Word of the Day: Shermer’s Law

Christianity and atheism clash againI propose “Shermer’s Law” for this observation by Michael Shermer: “Smart people believe weird things because they are skilled at defending beliefs they arrived at for non-smart reasons.”1

This observation makes an important distinction between (1) how someone came to their beliefs and (2) how they later defend those beliefs.  People often come to their beliefs for poor reasons—for example, they may be racist or religious simply because they were raised in that environment.

Few will admit as an adult, “Oh, yeah—I don’t believe that for any better reason than that I was steeped in that environment, and I’m now just an unthinking reflection of that environment.”  Instead, they use their intellect (much more formidable now that they’re an adult) to marshal a defense of their beliefs.  The belief comes first, and the defense comes after.  And this isn’t just to save face with an antagonist; it’s to save face with themselves.

We can come up with a defense for just about anything.  It may not be a very good defense, but it’s something, and it may be sufficient to avoid cognitive dissonance (“Surely I believe this for a good reason, right??”).  The smarter you are, the better the defense you will come up with.

All of us do this, and (this may be consolation) the smartest people can do it more spectacularly than the rest of us.  Isaac Newton wasted time in alchemy, Nobel laureate Linus Pauling in vitamin C research, and Nobel laureate William Shockley in eugenics.

No one’s immune, but this is common in Christians who cobble together rationalizations for their beliefs.  “In for a penny, in for a pound” is easier than taking a step back to soberly consider the logic of the beliefs.  And the smarter the Christian, the better they can defend groundless beliefs.

Try to uncover this by asking, “You’re giving me an argument for Christianity, but is this what convinced you?  If not, why don’t you give me the argument that made you a Christian?”

Photo credit: Wikimedia

1 Michael Shermer, Why People Believe Weird Things (Freeman, 2002), p. 283.

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How Science Works (and How Christianity Thinks it Wins)

Christian apologists like to imagine that science's errors give them an advantageThis argument was made at the Creationism conference that I recently attended: science isn’t trustworthy because every time you turn around, it’s changing its mind.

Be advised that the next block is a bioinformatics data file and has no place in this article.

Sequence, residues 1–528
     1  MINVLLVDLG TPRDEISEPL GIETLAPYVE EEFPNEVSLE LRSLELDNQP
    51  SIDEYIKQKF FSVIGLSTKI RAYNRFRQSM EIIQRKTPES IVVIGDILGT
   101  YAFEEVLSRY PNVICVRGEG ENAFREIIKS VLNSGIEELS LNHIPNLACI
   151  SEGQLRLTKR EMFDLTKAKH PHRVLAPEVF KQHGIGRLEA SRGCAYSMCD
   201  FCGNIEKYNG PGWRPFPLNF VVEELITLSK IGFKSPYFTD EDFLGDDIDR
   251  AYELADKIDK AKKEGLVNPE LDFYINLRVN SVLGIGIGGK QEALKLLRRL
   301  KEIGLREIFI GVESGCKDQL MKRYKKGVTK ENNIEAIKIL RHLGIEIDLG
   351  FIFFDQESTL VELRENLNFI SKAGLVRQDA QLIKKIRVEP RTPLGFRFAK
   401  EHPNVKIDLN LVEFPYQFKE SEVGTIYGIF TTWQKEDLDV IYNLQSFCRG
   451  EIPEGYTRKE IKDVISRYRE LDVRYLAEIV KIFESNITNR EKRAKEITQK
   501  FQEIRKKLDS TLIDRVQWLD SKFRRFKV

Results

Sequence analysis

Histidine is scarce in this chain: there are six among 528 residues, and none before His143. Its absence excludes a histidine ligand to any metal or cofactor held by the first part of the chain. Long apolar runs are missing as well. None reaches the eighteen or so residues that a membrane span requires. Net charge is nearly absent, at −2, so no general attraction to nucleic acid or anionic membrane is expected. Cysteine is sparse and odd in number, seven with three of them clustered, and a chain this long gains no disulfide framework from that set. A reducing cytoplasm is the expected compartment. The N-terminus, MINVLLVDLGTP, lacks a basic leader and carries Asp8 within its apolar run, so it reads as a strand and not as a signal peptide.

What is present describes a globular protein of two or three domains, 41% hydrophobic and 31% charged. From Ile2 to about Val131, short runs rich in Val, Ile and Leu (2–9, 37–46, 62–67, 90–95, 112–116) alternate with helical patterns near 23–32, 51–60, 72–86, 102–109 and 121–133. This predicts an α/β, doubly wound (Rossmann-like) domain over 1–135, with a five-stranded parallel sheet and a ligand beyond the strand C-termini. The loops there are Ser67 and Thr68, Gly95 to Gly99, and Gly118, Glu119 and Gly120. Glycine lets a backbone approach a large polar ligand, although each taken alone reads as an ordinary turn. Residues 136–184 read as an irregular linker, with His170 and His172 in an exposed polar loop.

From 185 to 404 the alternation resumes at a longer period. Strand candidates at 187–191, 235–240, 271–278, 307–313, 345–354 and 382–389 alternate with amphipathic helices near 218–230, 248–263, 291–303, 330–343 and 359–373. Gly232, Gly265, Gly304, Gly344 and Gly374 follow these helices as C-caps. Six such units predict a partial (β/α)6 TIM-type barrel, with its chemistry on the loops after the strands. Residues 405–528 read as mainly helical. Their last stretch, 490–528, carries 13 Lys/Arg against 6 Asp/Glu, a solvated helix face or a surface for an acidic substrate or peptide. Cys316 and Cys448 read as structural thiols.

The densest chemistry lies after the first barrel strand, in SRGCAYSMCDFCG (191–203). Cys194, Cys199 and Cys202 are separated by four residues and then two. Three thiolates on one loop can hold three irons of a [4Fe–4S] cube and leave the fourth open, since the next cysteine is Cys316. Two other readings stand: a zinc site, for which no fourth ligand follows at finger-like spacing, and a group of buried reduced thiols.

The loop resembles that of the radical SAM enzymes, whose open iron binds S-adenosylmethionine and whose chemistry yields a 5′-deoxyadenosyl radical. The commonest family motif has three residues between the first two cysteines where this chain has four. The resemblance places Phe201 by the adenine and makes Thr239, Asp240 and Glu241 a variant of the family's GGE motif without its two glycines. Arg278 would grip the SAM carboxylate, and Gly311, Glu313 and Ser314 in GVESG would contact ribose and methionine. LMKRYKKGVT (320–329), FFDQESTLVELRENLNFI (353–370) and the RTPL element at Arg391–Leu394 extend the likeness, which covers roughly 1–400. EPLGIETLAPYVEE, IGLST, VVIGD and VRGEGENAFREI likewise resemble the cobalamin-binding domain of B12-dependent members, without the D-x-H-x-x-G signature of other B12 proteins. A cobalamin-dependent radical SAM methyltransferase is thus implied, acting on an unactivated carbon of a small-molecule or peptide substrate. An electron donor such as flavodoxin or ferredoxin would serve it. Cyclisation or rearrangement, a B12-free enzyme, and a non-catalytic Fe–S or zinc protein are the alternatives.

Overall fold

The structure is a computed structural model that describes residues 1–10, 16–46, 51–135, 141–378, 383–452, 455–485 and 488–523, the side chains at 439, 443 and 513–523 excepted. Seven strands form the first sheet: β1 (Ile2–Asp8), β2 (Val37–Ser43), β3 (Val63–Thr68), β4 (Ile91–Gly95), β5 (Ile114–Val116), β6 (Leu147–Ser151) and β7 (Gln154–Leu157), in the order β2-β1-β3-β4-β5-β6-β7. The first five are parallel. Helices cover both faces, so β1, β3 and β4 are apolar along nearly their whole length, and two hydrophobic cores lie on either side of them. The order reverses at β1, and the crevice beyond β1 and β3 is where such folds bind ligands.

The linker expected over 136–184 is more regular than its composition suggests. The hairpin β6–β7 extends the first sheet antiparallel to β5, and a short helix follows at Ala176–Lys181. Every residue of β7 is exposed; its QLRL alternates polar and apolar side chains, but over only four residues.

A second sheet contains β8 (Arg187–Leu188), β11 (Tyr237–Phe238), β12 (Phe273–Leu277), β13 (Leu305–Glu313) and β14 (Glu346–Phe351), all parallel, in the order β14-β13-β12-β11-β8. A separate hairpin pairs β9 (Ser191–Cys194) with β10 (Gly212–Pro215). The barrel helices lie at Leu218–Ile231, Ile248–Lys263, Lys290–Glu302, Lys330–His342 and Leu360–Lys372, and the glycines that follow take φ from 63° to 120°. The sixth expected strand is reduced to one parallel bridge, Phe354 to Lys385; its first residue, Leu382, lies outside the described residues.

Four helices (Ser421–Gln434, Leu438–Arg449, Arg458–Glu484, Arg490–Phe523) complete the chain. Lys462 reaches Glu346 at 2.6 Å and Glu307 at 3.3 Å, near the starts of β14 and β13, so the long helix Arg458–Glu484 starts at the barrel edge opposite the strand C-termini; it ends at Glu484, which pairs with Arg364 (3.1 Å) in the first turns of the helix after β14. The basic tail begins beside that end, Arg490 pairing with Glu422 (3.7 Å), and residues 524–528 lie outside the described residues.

• The sun goes around the earth … no, wait a minute—it’s the other way around.
  • Here’s the fossil of an early human … no, hold on—that one’s a hoax.
  • Living things hold a special energy or force—an élan vital—that animates them … nope, that’s passé.
  • Every wave needs a medium, so space must be filled with “ether” for light to propagate through … oops, wrong again.

An early theory of the formation of the moon said that the fast-spinning early earth flung out the moon and that the big circular Pacific Ocean basin is where it came from.  The question of origin of the moon has been an active area of research, and the flung-out idea is just another discarded scientific theory—this was one of the areas of research that was lampooned at this conference.

The Creationist argues that when you turn from changeable Science to Christianity’s unchanging God and an unchanging Bible, you have something solid that you can trust.

Science does change, but let’s notice that the size of any change tends to decrease for a single theory.  When the door is first opened to a new field of inquiry—say by Leeuwenhoek’s discovery of single-celled organisms or Galileo’s use of the telescope—new theories based on insufficient evidence try to organize the chaos.  One theory might quickly supersede another, but as theories become better at explaining more, changes becomes smaller.  Here are some examples.

  • Geocentrism to heliocentrism was an enormous change for the model of the solar system.  Our understanding of the solar system continues to change (new theories about why Uranus is tipped on its side or reclassification of Pluto as a dwarf planet, for example), but these are comparatively minor.
  • Evolution revolutionized biology, and the changes in biology today are merely refinements to this theory.
  • The intuitive flat earth model was replaced by a spherical earth, and the observation that it’s actually not spherical but slightly flattened at the poles is a small change.
  • Quantum physics continues to change, but new discoveries are not likely to say that matter is not made up of atoms, which are themselves not made up of protons, neutrons, and electrons.

Christians eager to paint the Bible as an unchanging rock in a sea of chaos don’t seem to understand that they point to science’s strength.  Science realizes that new discoveries may obsolete old theories, and every scientific statement is provisional.  And, remarkably, science is self-correcting.  It finds its own errors.

Science changes, and that’s its strength.  The Bible never changes, and that’s its weakness.

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